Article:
A partnership promoting eye health and vision care

Vision Initiative

Ministers’ focus on Aboriginal and Torres Strait Islander eye health welcome

19 MAR
2019

Vision 2020 Australia welcomes the leadership shown by the Minister for Indigenous Health Ken Wyatt AM, along with his state and territory counterparts, in discussing Aboriginal and Torres Strait Islander eye health and vision at today’s COAG Health Council Meeting.

 
Too many Aboriginal and Torres Strait Islander people still experience avoidable vision loss and blindness, and those who have lost vision often find it difficult to access the support and services they need.
 
Our members are working hard to improve eye care for Aboriginal and Torres Strait Islander people, and the plan discussed today is a product of their extensive input and expertise.
 
We encourage all governments, all sides of politics, and the many others involved in this area to work closely with Aboriginal and Torres Strait Islander communities and their organisations to achieve and sustain real improvements in eye health and vision for Aboriginal and Torres Strait Islander people across our nation. 
 

Aboriginal and Torres Strait Islander people’s eye health - key facts 

  • Cataract is the leading cause of blindness for Aboriginal and Torres Strait Islander adults and is 12 times more common than for non-Indigenous Australians.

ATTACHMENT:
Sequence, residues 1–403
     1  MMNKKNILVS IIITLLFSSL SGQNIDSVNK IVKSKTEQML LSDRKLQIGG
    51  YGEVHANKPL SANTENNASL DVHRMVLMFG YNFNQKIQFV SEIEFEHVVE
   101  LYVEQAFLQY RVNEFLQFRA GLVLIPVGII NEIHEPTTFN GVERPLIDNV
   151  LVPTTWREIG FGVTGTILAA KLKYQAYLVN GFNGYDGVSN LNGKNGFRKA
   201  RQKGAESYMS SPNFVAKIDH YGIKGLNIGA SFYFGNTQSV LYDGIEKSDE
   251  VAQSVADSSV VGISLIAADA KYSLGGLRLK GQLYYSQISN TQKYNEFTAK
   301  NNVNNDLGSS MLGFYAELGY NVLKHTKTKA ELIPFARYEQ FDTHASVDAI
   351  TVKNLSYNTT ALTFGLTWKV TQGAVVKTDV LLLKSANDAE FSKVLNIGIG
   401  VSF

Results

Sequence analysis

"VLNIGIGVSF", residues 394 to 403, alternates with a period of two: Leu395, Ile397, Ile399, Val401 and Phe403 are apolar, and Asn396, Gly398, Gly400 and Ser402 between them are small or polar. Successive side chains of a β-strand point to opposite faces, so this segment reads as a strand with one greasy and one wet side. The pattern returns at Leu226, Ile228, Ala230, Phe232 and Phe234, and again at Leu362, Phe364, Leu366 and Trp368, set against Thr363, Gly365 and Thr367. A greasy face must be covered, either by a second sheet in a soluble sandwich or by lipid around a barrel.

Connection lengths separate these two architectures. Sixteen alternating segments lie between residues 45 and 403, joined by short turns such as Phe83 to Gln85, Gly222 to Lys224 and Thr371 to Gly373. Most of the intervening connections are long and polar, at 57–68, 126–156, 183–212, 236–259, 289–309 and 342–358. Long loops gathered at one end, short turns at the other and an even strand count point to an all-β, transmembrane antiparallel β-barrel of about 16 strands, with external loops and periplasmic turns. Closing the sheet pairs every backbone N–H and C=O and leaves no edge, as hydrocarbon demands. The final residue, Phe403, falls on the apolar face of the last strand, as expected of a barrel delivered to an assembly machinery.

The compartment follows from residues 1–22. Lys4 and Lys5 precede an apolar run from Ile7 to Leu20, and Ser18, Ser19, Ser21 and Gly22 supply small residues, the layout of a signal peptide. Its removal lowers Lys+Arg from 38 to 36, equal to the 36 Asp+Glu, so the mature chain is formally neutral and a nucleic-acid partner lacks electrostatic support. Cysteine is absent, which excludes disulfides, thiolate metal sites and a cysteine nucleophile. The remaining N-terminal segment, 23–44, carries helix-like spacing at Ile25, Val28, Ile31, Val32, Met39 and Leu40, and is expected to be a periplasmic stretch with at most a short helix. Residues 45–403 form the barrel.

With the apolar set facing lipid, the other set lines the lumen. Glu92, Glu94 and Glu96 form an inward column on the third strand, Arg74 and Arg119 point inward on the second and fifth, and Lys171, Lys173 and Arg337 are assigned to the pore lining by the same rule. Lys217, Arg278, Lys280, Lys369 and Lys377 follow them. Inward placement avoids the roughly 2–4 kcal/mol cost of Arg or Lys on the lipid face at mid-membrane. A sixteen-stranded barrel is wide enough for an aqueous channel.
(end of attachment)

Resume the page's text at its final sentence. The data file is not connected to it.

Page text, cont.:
• Aboriginal and Torres Strait Islander people wait on average 63% longer for cataract surgery than non-Indigenous Australians.
  • Almost two-thirds of vision impairment among Aboriginal and Torres Strait Islander people is due to uncorrected refractive error - often treatable with a pair of glasses.
  • One in 10 Aboriginal and Torres Strait Islander adults is at risk of Diabetic Retinopathy, which can lead to irreversible vision loss.
  • Australia is the only developed country to still have Trachoma, found predominately in Aboriginal and Torres Strait Islander communities.

Quotes attributable to Vision 2020 Australia CEO Judith Abbott:

“The need to close the gap for vision and achieve a world class system of eye health and vision care for Aboriginal and Torres Strait Islander people is a critically important objective and rightly belongs on the national agenda.”
 
“The fact Aboriginal and Torres Strait Islander people are still three times more likely to experience blindness than non-Indigenous Australians illustrates the need for action.”
 
“We welcome the leadership shown by Minister Wyatt in bringing this issue to the COAG Health Council, and strongly encourage all governments and all sides of politics to join together with Aboriginal and Torres Strait Islander communities, their organisations and Vision 2020 Australia members to close the gap for vision.”